Sunday, November 9, 2008

The Nature of Baptism

As a Friend I am convinced that baptism is primarily a spiritual reality. For one reason the physical ritual includes all sorts of Christians who claim the other brands aren't even Christians. They attack each other verbally and often have slaughtered each other in so many Christian-sponsored wars.

How can there be ONE baptism in one Spirit when that happens?

And think of the many thousands of other disagreements among Christians:
Calvinists declare there are no Gifts of the Spirit but charismatics and Pentecostals claim the opposite.
Evangelicals claim the Bible is inerrant but liberals state Scripture has many errors.
Fundamentalists argue the Bible is scientifically accurate, evolution is a satanic lie, and the end of the world is coming in this generation
while mainline Christians think those views are ludicrous.

There are many Christians who support killing unarmed civilians in war, who think that the nuclear weapons are given to the U.S. by God, that using torture is justified, that becoming wealthy doesn't mean one needs to share with the world's impoverished.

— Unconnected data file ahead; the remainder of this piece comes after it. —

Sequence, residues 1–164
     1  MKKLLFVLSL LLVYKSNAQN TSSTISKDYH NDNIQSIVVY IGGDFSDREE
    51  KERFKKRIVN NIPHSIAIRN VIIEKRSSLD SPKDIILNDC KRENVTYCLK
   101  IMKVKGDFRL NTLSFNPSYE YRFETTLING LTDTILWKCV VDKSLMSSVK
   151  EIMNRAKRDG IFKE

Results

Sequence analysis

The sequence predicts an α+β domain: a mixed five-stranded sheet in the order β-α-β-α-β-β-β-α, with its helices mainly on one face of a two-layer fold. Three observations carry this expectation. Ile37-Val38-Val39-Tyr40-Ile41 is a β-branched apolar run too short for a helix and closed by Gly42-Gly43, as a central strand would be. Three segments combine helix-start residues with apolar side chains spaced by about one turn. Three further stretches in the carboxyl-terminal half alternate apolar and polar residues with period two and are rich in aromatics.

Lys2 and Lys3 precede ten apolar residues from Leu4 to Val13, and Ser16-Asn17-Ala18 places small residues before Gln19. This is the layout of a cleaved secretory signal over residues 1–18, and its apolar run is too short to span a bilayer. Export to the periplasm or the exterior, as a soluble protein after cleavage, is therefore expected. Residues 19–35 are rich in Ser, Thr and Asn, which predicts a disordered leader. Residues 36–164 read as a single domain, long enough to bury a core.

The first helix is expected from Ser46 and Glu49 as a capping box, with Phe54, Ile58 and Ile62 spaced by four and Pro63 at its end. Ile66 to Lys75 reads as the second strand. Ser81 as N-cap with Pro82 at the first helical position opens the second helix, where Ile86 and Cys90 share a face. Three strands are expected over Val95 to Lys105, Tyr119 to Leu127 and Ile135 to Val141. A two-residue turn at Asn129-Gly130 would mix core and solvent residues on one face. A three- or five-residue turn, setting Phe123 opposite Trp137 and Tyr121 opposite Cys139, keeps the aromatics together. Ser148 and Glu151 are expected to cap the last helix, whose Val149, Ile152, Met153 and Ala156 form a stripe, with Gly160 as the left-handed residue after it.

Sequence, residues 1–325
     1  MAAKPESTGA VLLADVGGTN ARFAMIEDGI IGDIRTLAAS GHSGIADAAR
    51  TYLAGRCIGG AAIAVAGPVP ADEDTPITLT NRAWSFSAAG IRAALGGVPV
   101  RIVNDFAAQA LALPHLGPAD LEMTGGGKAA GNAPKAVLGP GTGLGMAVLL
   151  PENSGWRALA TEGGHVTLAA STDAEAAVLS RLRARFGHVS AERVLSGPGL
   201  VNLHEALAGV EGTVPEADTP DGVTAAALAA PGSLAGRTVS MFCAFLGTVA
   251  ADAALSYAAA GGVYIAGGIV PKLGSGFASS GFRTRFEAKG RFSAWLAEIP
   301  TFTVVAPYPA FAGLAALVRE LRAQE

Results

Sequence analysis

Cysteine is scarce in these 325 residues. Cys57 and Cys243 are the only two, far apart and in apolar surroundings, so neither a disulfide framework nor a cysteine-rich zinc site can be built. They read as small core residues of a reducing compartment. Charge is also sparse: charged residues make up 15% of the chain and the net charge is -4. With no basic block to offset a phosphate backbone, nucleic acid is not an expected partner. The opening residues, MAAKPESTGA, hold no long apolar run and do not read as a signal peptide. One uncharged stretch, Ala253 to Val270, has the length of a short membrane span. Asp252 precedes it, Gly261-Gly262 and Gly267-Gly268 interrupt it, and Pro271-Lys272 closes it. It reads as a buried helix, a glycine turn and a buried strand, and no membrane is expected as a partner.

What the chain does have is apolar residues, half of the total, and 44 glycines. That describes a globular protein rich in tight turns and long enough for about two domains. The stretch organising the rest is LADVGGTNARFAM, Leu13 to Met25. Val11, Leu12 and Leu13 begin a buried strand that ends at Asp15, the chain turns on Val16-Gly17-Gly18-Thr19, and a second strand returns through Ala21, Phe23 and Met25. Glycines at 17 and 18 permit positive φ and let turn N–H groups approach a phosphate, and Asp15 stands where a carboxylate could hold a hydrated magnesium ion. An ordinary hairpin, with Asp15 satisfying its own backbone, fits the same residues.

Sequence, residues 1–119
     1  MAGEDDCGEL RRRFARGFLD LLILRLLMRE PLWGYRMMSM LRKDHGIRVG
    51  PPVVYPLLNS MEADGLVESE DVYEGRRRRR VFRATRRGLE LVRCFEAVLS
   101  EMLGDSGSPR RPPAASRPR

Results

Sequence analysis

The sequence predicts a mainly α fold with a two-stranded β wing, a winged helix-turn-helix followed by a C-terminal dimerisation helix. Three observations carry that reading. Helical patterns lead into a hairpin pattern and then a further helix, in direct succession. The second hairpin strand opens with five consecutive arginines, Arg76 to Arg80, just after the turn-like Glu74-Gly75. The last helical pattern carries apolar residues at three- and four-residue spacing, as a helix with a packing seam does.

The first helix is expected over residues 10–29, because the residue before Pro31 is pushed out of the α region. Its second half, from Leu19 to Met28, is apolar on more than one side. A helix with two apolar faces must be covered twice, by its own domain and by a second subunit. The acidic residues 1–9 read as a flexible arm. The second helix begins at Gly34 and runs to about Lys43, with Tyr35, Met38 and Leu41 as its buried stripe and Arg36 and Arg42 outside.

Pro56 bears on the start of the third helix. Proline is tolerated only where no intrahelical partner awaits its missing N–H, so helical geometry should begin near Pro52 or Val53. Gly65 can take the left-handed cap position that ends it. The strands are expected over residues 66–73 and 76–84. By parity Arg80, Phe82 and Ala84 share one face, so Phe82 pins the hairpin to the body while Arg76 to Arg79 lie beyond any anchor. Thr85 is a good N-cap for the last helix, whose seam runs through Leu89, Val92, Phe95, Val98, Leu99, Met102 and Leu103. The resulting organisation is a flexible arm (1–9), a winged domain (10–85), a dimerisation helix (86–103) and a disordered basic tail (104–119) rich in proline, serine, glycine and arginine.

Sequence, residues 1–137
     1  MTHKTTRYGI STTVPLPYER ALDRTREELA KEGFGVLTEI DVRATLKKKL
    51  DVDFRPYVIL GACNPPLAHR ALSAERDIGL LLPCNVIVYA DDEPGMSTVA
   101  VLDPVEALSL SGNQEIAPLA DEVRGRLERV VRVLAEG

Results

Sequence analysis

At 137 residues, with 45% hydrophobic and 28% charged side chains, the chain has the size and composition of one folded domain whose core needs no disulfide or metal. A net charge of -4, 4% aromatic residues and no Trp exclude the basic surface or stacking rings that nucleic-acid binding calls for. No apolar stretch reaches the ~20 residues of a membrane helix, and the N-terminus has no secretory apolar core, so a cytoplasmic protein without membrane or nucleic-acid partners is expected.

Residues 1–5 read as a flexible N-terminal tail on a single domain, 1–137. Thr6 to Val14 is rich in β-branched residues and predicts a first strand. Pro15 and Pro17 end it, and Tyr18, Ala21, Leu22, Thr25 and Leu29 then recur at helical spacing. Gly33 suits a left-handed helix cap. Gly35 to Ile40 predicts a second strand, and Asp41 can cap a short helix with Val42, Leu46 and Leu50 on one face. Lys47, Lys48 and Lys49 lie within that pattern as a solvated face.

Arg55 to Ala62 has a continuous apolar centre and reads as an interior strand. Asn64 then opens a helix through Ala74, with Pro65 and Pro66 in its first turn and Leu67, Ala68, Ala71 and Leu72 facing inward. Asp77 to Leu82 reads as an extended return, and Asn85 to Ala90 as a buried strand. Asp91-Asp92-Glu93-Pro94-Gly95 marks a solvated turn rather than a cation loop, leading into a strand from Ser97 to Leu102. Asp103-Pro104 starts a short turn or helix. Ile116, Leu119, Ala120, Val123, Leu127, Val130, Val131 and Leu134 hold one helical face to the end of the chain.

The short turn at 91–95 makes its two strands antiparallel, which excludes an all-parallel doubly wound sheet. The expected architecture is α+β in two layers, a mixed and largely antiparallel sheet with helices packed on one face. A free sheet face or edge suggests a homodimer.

Where is the love of Christ in this? Where is the Spirit of their formal baptism?

It seems rather that true baptism is spiritual and unseen, when God's Spirit begins to slowly transform a person toward the Truth, the Good, and the Loving.

Physical acts of baptism may be used by some who derive much comfort or inspiration from outward signs, but the danger always remains.

Allegedly, most Germans of the Great War and the Nazi Holocaust War (WWII) era were baptized
yet that didn't show forth in their lives as they went out to slaughter other Christians of the Allies.

And Allied baptized Christians returned the evil favor, urged on by war promoters such as American evangelist Billy Sunday.

Don't forget the Thirty Years War, the American Civil War, and the English Civil War (where Cromwell's "New Model Army" which killed while singing Bible verses! attacked the King's forces who also killed for Jesus Christ).

Sounds more like a baptism into injustice and sin.

No wonder Jesus wept.

No comments: